Before Grant Curtis helped produce the “Spiderman” trilogy and “Oz: The Great and Powerful” and more recently began working on “Teenage Mutant Ninja Turtles 2,” before he was just about anything else, he remembers being “a card-carrying member of the Chiefs Huddle Club.”
As such, the Warrensburg, Mo., native was one of the kids who’d be pestering Chiefs players for wrist bands or towels or autographs after scrimmages or games.
Then when Curtis was 11, Chiefs running back Joe Delaney died trying to save three drowning boys in his home state of Louisiana — a shocking death made all the more piercing by the fact that Delaney couldn’t swim.
Suddenly, Curtis realized the icons “don’t wear Teflon and bullet-proof vests. They are humans, and they have accidents and they pass away unexpectedly.
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“I think when you’re 11 and you realize that for the first time,” he continued, “it’s one of those narratives that never goes away. … It’s one of those stories that kept popping in my mind.”
So when Curtis, 42, had occasion to meet with ESPN about some story possibilities two years ago, Delaney’s story was among the handful of ideas he broached.
Almost instantly, he said, ESPN responded, “That’s the one.”
The result is “Delaney,” a 30-for-30 Short (19 minutes) that brims with emotions but will leave you wanting more when it debuts Aug. 19 on Grantland.com.
That’s both because the format simply isn’t long enough to convey all the intricacies of Delaney’s story and also because it still seizes the spirit of it in a way that moved a group of Chiefs guests at an exclusive advanced screening of it Monday night at the training complex near Arrowhead Stadium.
One woman was compelled to raise her hand afterward to tell Curtis that she felt she knew Delaney personally by the end. Another thanked Curtis for doing the important work of spreading the word about someone who has long inspired her.
Sniffles could be heard in various parts of the room throughout the showing.
“A selfless love story … His character was love,” said Bill Chapin, the Chiefs vice president of business operations. “He loved his teammates. He loved his family. He loved his wife. He loved his daughters.
“He loved those boys (in the water) even though he didn’t know them.”
That much is certain despite circumstances on the scene that remain unclear to this day — even now after months of work on the project by Curtis and his colleagues.
“What the human mind remembers during a time of panic is very unique: it’s a case study” of that, said Curtis, who earned a business degree at the University of Missouri and a master’s in mass communication at Central Missouri. “Some people have laser focus. Some people forget everything.
“Some people have snapshots. And, quite honestly, some people remember the wrong thing but they are positive that is what happened.”
This, though, we know:
The essence of Delaney’s 24-year-old life could be understood in his 1983 death, which many who knew him have long said reflected how he lived.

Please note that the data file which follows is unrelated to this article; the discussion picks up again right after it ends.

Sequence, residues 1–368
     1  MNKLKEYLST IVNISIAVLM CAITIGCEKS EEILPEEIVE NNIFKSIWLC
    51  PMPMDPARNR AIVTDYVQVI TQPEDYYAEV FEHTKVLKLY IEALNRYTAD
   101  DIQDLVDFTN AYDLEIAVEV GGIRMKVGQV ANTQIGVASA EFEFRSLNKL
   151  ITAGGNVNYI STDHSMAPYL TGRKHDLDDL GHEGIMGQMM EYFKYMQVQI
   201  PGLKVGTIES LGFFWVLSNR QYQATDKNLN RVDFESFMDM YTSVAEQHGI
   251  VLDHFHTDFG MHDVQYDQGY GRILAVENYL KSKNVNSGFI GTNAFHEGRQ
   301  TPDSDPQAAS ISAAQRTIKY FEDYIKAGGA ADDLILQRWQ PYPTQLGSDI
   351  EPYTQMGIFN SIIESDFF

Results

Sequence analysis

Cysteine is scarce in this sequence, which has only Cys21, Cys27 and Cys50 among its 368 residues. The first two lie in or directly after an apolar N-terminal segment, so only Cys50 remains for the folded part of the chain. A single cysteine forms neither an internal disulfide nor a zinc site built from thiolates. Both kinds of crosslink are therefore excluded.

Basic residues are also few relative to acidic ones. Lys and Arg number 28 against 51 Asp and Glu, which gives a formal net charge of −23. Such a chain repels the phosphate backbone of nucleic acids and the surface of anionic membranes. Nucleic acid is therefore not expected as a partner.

That fateful final act also informed Curtis’ passion about the project.
“That’s one of the things I questioned myself making this movie: What would I do?” said Curtis, who last year produced a short film about baseball and the origins of the Star-Spangled Banner that debuted during National World War I Museum night at Kauffman Stadium. “I don’t know, if I couldn’t swim, if I would jump in a pond and try to save three people I don’t know when I have my high-school sweetheart and three daughters at home.
“Honestly, I don’t think so, and I don’t think I’m alone with that. And I think that hit everybody who worked on the film: am I the man or woman who would do that?”
There is a lot to consider in that notion, including the sad likelihood of its futility.
But what can’t be debated, and what forms the enduring legacy Delaney left, is the spirit with which he acted: pure, reflexive selflessness.
Celebrating that noble deed and keeping Delaney’s name alive is the reason Curtis asked the crowd, and anyone else who may be so moved, to consider helping a Joe Delaney Memorial Park become a reality in Delaney’s hometown of Haughton, La.
That’s why Curtis wanted to tell Delaney’s story, even though he acknowledges it’s been well-documented many times in print and film, including in a Chiefs Kingdom production in 2014.
“Even though there’s been legitimacy in the past narratives, ESPN has a platform that quite frankly nobody else has,” said Curtis, who repeatedly expressed his gratitude to his co-workers, the Chiefs and Delaney’s widow, Carolyn, among others. “So hopefully I was able to add to the Joe Delaney library, legacy, whatever you want to call it, with another chapter that hopefully will be viewed by a few more people.
“Because let’s be honest: Unless you’re my age or older, and unless you’re a Kansas City Chiefs fan, it’s a story that can slip by.
“So, hopefully, with the 30-for-30 platform, it’s going to slip by less and less people.”
And leave more and more people to ponder the mindset that Delaney lived and died by.